German Chancellor Olaf Scholz on Friday hit back against accusations his centre-left Social Democrats have been too lenient towards Russia, as critics accuse Berlin of dragging its feet on deliveries of heavy weapons to Ukraine.

Scholz rejects 'slanderous' criticism of his party's Russia policy

Opponents have confronted his Social Democratic Party (SPD) with a “distorted and slanderous depiction” of its Russia policy since the Second World War, Scholz said in an interview with German weekly Spiegel.

“That annoys me,” he said, adding that the SPD was “bound into the Western and transatlantic alliance”.

Germany said Thursday it had reached an agreement with eastern European partners to supply Ukraine with a new batch of heavy weapons “in the next few days”.

READ ALSO: ‘Too little, too late’: Scholz under fire for inaction on Ukraine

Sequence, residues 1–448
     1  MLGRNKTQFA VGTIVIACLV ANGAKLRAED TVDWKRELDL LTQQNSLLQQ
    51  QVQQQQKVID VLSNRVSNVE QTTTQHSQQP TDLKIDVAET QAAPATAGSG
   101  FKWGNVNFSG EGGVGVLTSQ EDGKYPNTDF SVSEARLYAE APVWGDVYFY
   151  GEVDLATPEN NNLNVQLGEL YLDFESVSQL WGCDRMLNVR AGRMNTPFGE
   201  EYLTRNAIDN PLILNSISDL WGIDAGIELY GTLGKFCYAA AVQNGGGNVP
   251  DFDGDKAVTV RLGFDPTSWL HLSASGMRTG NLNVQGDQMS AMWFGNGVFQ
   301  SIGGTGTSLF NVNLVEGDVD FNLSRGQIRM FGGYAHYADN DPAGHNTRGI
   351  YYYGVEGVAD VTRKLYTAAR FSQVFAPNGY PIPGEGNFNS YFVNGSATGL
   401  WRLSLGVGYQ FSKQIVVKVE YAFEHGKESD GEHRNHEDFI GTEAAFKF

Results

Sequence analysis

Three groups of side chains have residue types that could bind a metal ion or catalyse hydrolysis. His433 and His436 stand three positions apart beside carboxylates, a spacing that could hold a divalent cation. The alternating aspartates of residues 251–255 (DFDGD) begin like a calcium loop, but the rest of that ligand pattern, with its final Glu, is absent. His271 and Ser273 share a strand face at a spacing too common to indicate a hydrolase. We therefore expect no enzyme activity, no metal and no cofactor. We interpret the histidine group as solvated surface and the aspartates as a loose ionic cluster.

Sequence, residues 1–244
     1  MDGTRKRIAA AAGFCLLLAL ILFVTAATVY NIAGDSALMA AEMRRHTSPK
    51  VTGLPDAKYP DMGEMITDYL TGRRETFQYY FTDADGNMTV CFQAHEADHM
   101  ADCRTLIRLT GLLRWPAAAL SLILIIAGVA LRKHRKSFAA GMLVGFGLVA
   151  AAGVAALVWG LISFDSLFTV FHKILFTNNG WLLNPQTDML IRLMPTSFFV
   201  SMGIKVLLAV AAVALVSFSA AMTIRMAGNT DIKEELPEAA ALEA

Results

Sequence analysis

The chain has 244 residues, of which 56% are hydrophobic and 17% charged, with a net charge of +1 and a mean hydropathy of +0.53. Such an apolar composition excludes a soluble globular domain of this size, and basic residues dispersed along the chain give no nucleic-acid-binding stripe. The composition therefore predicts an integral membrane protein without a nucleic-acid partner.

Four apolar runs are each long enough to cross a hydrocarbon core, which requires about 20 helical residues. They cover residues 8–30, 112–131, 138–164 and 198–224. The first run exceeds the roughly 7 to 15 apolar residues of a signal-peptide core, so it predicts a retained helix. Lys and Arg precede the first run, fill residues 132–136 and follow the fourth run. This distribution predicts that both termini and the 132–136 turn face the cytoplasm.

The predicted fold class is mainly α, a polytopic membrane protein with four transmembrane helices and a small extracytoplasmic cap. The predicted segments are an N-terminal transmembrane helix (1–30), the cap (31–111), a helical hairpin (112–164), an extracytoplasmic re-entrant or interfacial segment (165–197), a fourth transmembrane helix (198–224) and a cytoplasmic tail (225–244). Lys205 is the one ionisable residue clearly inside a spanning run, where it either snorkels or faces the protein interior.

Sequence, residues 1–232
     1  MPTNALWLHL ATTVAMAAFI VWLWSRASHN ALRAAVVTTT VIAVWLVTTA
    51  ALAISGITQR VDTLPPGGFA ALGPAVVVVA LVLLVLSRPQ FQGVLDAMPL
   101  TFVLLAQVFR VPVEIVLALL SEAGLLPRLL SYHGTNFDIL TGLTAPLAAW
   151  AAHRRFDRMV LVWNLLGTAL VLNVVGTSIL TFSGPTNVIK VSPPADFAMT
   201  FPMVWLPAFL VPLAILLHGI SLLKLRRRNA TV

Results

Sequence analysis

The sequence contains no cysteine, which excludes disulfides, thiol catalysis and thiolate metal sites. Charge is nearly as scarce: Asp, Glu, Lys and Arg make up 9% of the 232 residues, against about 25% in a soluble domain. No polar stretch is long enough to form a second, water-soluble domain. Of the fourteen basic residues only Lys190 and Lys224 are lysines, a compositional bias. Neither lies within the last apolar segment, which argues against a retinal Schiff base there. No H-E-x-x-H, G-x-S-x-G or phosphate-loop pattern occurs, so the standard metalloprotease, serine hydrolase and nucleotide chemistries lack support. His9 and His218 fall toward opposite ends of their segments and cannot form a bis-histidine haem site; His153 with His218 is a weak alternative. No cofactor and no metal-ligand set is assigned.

Germany has come under fire for refusing to directly send heavy weapons to Ukraine, even as allies such as the United States, Britain, the Czech Republic and the Netherlands up their deliveries.

Much of the criticism has been directed at Scholz, who has faced pressure even from his two junior coalition partners to take tougher action.

But the government has said that after decades of chronic underinvestment, the German army, called the Bundeswehr, is simply not in a position to send the weapons Ukraine wants.

The potential to send arms to Ukraine from the stocks of the Bundeswehr had been “largely exhausted”, Scholz said in the interview.

“What is still available will absolutely still be delivered,” Scholz said, naming anti-tank weapons and artillery munitions.

Other senior SPD members have faced mounting scrutiny since Russia’s invasion of Ukraine, particularly former chancellor Gerhard Schroeder who is a lobbyist for Russian gas and has close ties to Russian President Vladimir Putin.

READ ALSO: Scholz ‘irritated’ by Kyiv’s snub to German president

And German President Frank-Walter Steinmeier recently said his offer to travel to Ukraine in a show of solidarity had been rejected by Kyiv.

Steinmeier, a former SPD foreign minister, for years advocated a policy of detente towards Moscow with a strong focus on commercial ties.